The Longdog, a cross between two sighthounds, is a dog type bred for pursuing and catching a game. Although it does not have the same working ability as a Lurcher, it is known for its speed and agility. Another aspect in which it differs from the Lurcher is that the latter was an outcome of crossing a sighthound and non-sighthound.
|Alternative names||Kangaroo Dog Lurcher|
|Size/Height||Medium; 24-30 in|
|Size of Litter||6-8 puppies|
|Temperament||Affectionate, devoted, active, sensitive|
|Good with Children||Yes|
|Country Originated in||Ireland|
|Competitive Registration/Qualification Information||No breed standards by any kennel club; registered with the NALLA (North American Lurcher and Longdog Association)|
Back in the 1950s, rabbit population in Western Europe severely declined due to the outbreak of myxomatosis, a viral disease that did not infect the hares. Even though Lurchers were previously used to catch rabbits, they were not quick enough to pursue hares that can easily reach a speed of 72 km per hour. Consequently, Longdogs were bred in an attempt to produce faster dogs that could be used for chasing and hunting hares.
Longdogs are typically produced by crossing Greyhounds with one of the other sighthounds, which may include Whippets, Salukis, or Deerhounds. The common crosses of this type include:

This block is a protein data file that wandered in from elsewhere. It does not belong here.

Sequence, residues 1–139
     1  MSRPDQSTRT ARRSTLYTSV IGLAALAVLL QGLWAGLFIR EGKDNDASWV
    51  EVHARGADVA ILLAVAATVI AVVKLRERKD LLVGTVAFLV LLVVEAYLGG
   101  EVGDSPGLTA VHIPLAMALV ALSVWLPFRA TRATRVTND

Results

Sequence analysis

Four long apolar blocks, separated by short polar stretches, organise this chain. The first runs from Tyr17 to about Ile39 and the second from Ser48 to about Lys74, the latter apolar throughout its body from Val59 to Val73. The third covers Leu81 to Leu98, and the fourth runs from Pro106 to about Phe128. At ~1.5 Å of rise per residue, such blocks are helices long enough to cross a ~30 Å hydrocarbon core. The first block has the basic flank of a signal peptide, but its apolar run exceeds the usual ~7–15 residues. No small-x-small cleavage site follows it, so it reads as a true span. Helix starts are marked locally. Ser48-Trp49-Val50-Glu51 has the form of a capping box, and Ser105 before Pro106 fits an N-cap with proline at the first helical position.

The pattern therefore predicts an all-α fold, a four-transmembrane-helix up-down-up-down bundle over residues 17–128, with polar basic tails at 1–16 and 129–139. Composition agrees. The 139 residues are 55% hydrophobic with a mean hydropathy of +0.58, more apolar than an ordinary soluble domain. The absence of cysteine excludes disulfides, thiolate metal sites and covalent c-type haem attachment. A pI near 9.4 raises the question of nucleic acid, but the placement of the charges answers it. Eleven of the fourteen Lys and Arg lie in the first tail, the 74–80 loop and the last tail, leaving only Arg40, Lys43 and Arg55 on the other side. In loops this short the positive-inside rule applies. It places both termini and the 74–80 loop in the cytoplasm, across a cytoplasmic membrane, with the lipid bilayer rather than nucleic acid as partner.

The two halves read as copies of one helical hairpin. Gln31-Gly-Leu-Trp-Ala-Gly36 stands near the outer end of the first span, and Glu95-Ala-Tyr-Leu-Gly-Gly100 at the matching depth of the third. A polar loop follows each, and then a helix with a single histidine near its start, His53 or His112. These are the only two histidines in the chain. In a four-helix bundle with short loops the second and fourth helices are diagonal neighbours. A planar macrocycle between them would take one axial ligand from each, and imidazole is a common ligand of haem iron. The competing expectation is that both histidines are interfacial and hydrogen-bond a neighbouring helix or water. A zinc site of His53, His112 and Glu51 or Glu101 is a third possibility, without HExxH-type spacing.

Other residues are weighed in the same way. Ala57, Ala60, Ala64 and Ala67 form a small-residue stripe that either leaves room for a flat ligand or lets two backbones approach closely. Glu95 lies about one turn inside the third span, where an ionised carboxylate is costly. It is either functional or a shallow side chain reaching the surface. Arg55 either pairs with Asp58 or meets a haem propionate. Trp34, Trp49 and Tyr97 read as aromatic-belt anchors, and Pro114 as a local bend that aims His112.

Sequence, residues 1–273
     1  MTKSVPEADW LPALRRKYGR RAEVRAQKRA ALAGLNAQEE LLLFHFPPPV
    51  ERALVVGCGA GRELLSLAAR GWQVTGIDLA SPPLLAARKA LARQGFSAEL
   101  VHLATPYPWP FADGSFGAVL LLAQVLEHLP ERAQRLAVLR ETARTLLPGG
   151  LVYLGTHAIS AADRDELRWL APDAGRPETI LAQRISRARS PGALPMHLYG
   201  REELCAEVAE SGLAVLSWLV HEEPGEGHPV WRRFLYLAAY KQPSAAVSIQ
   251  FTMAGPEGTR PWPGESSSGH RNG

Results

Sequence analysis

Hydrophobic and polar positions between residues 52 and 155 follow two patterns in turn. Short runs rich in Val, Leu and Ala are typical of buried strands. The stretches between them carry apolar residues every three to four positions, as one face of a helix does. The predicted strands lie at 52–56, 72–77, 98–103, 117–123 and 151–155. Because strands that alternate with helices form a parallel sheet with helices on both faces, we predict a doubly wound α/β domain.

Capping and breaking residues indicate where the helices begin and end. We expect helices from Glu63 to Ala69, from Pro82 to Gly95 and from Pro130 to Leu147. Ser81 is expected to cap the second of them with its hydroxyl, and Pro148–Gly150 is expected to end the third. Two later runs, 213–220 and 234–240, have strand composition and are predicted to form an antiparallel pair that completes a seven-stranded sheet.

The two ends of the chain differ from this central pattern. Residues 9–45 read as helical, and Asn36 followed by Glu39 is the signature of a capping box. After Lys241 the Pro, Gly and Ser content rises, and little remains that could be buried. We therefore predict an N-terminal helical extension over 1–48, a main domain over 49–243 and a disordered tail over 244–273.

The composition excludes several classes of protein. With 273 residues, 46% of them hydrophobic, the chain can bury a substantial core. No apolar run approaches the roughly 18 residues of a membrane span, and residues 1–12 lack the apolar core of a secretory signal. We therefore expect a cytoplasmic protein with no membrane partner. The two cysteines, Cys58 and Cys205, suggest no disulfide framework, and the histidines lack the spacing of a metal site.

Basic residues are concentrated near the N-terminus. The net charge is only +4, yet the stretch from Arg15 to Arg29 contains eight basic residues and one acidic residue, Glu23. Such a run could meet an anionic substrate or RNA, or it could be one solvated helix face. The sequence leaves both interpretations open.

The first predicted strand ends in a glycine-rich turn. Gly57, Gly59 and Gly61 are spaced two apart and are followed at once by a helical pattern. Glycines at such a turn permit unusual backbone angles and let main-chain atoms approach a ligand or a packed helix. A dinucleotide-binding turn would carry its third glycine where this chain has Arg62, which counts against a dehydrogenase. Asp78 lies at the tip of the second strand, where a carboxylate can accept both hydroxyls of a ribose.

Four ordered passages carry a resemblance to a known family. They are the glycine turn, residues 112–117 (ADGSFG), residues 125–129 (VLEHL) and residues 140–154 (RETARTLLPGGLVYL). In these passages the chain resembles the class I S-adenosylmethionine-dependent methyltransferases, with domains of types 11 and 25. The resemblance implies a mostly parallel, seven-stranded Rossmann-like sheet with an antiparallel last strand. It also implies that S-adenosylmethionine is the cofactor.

Being gentle, loving, and friendly by nature, the Longdogs are considered to be wonderful family companions. They are not aggressive or hyperactive, and hence they make good apartment dogs, which can live happily in quiet environments. They enjoy the attention of their family members and may be unhappy if left to dwell by itself.
These dogs do well with kids who know how to approach a dog. They are known to co-exist with other dogs, but should be kept under extreme supervision when they are around cats or toy dog breeds.
Though its mighty size may be sufficient enough to ward off an intruder, it is quite stranger-friendly and also possesses a laid back attitude which comes in the way of making it a good guard or watch dog.
Though it has an independent nature, training it using positive reinforcement methods might help shaping up its personality in a proper way.
How much an adult Longdog eats depends on its age, build, and activity level. On average, males need 2.5-4 cups of dry food per day while female dogs need 1.5-3 cups a day.